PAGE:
As we progress in this way of life and in faith, we shall run on the path of God’s
commandments, our hearts overflowing with the inexpressible delight of love. Never
swerving from his instructions, then, but faithfully observing his teaching in the
monastery until death, we shall through patience share in the sufferings of Christ that
we may deserve also to share in His kingdom. Amen.
- The Rule of St Benedict, Prologue 49-50.
The story of Jesus being presented in the temple in Luke 2 is my favourite story of Epiphany. After years of faithfully waiting and praying, Anna and Simeon see with their own eyes the Messiah and promised Saviour. In many ways, Anna and Simeon might be seen as Biblical monastic prototypes. Simeon was ‘righteous and devout’, prophetic and obedient to the Spirit. Anna was also a prophet. She is often left out of Candlemas liturgy and imagery, but Luke paints a powerful picture of a faithful woman who devoted her life to stability in prayer and fasting day and night in the temple.
Both Anna and Simeon led lives shaped by prayer and faithfulness to the promises of God, coming before God to intercede, waiting patiently and prophetically, in the same place day after day, for the fulfilment of God’s promises. And as they devoted themselves to this way of life - a life of stability and obedience - they themselves experienced their ‘hearts overflowing with the inexpressible delight of love’ in seeing and knowing the salvation and glory of God first hand.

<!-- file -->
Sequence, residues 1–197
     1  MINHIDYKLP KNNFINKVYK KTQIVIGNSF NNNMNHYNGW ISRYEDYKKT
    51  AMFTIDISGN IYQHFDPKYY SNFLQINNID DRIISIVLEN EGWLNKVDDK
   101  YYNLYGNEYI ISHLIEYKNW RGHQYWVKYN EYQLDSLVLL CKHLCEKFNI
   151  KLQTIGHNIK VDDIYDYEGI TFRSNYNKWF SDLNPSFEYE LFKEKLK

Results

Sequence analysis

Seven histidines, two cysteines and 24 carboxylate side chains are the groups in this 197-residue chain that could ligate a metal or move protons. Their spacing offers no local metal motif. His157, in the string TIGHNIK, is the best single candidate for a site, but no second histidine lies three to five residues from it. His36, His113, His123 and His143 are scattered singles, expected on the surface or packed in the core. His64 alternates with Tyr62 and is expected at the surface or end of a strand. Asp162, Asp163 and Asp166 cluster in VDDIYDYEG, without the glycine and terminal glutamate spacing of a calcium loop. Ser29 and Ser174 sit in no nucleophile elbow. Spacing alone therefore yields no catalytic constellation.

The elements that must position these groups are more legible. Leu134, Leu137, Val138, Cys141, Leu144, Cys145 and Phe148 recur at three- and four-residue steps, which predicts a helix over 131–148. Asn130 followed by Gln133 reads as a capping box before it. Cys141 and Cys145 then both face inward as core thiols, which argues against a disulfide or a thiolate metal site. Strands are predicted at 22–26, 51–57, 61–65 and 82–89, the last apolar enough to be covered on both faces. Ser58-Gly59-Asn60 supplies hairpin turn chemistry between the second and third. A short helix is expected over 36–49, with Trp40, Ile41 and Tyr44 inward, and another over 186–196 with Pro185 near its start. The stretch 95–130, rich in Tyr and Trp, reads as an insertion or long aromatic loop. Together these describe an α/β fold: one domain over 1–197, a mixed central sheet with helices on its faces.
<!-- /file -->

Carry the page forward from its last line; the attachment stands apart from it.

Candlemas also shares a day with Imbolc, which marks the halfway point between the winter solstice and the spring equinox, and lasts from the morning of February 1st to the evening of February 2nd. The original word ‘imbolg’ means ‘in the belly’, and the Gaelic seasonal calendar uses Imbolc to mark the beginning of lambing season. Imbolc represents the hidden spring, the promise of natural growth, the warming and lengthening of days. It invites us to make space for new beginnings and search for signs of hope.
I think Imbolc contains something of the patient and prophetic spirits of Anna and Simeon. It invited us to pay attention to the things that have been growing and stirring in the darkness of the ground, waiting to reach its fulfilment and come into the light. Out of the soil of stability and obedience comes a new beginning and an opportunity to catch a glimpse of God's glory and to ‘share in His kingdom.’
The 1st of February was also the feast of St Brigid - an abbess who founded monasteries for men and women in Ireland. This feast is truly an opportunity to remember and give thanks to God for those who have been and are called to the religious life, devoting themselves to the hidden work of prayer and who through ‘faithfully observing his teaching in the monastery until death’ stand before God on behalf of the world. It is also an opportunity to think about our calling as communities who are inspired by this spiritual tradition. How as individuals and as a community do we carry the prophetic obedience of Simeon? What is gently and persistently growing in us that God is waiting to bring forth into the world?
May the eager anticipation of Simeon and the persistent and patient faith of Anna be with us today as we wait in the silence of winter, looking forward to the warmth of spring and the new beginnings it brings.
Blessed (belated) St Brigid’s Day!